In a courtroom on Tuesday morning, Andre Gonzales was granted another chance at life.
After serving more than twelve years for a murder outside of a nightclub in Liberty City, prosecutors dismissed all charges against Gonzales. The outcome was the culmination of an effort by the Medill Justice Project, a student journalism project based out of Northwestern University in Chicago.
Stepping into the bright South Florida sun this afternoon, Gonzales was greeted by his brother, Abdul-Jalil Qadir. They slapped hands and embraced.
“Welcome,” said Qadir, sporting a childish grin.
“Thanks brah,” said Gonzales.
“I’m so thrilled right now. I’m so thrilled,” said Gonzales. “I just did twelve and a half years for a murder I didn’t do. You know, I’m an innocent man.”
The state’s case against Gonzales started to fall apart after students at the Medill Justice Project tracked down an eyewitness to the crime, ten years after the fact. The witness, who was by then an inmate for unrelated crimes, vehemently said that he saw who did it and that it was not Gonzales.
That man, Arnold Clark, was surprised that Gonzales had been charged and convicted of the murder. He knew who committed the murder but said he hadn’t spoken out about it because of the “code of silence”
“As for the person whose name that you said was locked up for it, I don’t even know him, you know, but I do know he wasn’t no triggerman,” Clark told the students.
The students tracked down several jurors who said they doubted the state’s case, and that they only voted to convict Gonzales because it was late on a Friday and they were exhausted. Steven N. Yermish, Gonzales’ public defender at trial, told the students that after practicing law for over thirty years, Gonzales was “the only person I truly, truly believe is in prison who I represented who was innocent.”
The reporting and research resulted in Gonzales filing a motion to vacate his charges, which started a series of events that ultimately led to prosecutors dismissing all charges and releasing him.
"Medill -- they worked really great, they worked together interviewing people to prove I was an innocent man. And I’m honored. I’m just thankful," said Gonzales.
For years, Gonzales steadfastly maintained his innocence to anyone who would listen.
In front of the Turner Guilford Knight Correctional Center this afternoon, a Corrections Officer stepped out of the building and gave Gonzales his hand. “You beat it! You had told me,” said the officer. “Hey, good luck, man. Stay out of trouble.”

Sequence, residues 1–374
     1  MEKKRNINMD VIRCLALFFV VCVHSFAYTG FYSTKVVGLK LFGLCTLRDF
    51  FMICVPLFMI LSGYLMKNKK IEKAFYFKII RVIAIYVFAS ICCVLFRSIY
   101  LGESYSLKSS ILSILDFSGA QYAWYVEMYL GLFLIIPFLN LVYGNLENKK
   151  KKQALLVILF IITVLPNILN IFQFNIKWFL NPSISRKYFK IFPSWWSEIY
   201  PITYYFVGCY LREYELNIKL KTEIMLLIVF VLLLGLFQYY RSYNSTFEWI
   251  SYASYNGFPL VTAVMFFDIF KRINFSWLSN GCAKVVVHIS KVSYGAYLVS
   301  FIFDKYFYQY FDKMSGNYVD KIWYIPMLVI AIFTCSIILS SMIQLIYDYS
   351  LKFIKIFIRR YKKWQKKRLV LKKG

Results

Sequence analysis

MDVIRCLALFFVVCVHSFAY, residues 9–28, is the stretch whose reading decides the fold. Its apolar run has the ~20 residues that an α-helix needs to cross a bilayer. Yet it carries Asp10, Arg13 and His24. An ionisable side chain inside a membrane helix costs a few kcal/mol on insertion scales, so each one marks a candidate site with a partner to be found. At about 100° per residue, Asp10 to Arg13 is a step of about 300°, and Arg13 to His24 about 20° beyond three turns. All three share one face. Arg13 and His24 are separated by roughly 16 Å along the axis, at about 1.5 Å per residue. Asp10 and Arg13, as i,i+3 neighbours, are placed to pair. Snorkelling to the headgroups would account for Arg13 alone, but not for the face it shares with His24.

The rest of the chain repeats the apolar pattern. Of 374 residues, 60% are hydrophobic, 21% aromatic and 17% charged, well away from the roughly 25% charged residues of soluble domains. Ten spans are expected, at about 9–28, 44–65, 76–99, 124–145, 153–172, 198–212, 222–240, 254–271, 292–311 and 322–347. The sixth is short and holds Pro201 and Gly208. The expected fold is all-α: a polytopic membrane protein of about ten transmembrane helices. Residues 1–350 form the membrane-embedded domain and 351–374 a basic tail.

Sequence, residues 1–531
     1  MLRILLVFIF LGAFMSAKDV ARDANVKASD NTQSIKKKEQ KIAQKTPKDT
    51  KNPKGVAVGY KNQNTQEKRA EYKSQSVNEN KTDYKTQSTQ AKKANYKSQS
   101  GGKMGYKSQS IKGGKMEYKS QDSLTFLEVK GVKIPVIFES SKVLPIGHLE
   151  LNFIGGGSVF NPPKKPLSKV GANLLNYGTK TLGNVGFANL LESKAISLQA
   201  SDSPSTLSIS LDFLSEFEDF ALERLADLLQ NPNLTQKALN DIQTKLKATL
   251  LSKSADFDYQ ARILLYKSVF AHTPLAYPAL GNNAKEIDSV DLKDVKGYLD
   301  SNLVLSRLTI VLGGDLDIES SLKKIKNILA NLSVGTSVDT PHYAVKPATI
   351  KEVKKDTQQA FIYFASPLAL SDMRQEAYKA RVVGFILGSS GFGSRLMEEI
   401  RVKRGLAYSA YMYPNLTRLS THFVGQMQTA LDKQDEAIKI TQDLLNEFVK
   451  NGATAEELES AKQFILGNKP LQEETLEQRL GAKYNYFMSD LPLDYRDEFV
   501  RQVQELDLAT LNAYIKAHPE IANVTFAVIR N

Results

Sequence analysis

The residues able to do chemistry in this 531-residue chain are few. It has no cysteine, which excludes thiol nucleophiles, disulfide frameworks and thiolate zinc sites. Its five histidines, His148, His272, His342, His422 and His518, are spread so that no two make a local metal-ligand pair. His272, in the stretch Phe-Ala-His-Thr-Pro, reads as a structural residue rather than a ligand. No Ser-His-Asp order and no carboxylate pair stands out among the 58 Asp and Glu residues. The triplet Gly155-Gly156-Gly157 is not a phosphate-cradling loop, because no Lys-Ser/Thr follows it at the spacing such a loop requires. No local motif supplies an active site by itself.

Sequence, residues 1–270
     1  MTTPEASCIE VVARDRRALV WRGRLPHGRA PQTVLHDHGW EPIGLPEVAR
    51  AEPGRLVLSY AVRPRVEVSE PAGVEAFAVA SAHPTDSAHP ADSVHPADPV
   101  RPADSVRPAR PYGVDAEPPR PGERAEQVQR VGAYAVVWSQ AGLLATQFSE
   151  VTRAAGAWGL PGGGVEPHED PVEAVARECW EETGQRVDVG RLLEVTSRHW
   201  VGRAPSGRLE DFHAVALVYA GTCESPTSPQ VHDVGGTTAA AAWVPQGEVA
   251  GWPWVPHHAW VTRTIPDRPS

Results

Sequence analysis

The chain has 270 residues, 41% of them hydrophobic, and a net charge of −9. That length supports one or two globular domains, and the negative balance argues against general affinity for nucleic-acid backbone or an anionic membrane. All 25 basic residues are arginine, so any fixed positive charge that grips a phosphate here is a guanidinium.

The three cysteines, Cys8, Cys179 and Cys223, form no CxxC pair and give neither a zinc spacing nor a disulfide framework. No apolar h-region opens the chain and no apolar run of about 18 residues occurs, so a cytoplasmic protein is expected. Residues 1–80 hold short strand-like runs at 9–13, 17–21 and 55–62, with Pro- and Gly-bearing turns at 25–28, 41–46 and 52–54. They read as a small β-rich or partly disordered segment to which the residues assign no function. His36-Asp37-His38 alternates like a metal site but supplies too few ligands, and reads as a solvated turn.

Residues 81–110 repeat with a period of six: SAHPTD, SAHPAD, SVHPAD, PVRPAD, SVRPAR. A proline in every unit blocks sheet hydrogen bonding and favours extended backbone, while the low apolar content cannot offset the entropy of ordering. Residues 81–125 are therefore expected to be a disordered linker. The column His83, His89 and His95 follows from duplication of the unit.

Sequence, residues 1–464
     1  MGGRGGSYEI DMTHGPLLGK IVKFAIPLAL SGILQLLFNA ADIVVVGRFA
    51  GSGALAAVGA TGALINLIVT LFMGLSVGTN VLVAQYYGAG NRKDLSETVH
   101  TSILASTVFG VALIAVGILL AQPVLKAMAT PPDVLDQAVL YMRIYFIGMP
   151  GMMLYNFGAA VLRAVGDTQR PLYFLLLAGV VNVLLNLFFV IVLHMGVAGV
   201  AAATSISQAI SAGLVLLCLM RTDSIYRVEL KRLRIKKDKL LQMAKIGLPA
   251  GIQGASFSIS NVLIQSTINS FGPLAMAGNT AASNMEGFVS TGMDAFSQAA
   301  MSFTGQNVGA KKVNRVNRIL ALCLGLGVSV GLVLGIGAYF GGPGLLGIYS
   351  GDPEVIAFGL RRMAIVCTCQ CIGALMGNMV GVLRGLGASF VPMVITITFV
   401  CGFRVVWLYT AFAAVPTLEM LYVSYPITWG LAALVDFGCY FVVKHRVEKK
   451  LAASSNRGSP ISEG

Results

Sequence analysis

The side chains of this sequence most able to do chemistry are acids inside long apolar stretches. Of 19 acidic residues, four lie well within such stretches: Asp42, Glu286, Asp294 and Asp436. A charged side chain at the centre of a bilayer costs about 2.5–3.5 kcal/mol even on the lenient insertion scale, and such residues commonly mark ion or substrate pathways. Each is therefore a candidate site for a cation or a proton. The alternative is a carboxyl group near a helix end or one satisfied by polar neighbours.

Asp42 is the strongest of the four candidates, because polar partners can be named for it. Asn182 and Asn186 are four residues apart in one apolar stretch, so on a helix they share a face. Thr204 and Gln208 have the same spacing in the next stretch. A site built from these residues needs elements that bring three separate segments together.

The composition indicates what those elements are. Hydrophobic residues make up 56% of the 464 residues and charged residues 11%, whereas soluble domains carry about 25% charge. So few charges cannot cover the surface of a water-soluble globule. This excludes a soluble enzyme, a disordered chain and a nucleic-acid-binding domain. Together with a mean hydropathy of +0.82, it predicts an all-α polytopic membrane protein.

In a close out memo for the case, the Miami-Dade State Attorney's Office said that it did not want to dismiss the charges against Gonzales. The memo says new evidence brought forward through Clark's new testimony made it clear that Gonzales would probably beat charges if the case were retried. The judge overseeing the case also wrote a 26-page order saying the testimony of another witness left "plenty of room for doubt."
"The State of Florida, in no way, believes that this defendant is innocent of the crime," reads the memo, in bold. "However, in light of the changes in the evidence, we are unable to again prove [Gonzales'] guilt beyond a reasonable doubt as required by law."
Gonzales wore a smile on his face and grabbed his stomach thinking about where he wanted to eat.
“I’m ready to go to Burger King,” he laughed. His brother said he wouldn’t be having any junk food on his watch. “Maybe Red Lobster or something,” said Qadir. “Get some decent food in his body.”
Before getting into his brother’s Mustang the two brothers slapped hands and embraced again.
“Ahhhh. Good to see you, bro,” said Qadir. “Free man.”
Gonzales has four children. He was looking forward to seeing them after years of seeing them under supervision. He would be sleeping at his brother’s place in Pembroke Pines for the next few days but “within a week” he plans to move to Georgia with his fiance Joy, to start a new life.
“Thirteen years,” estimated Gonzales. “Thirteen years, wasted.”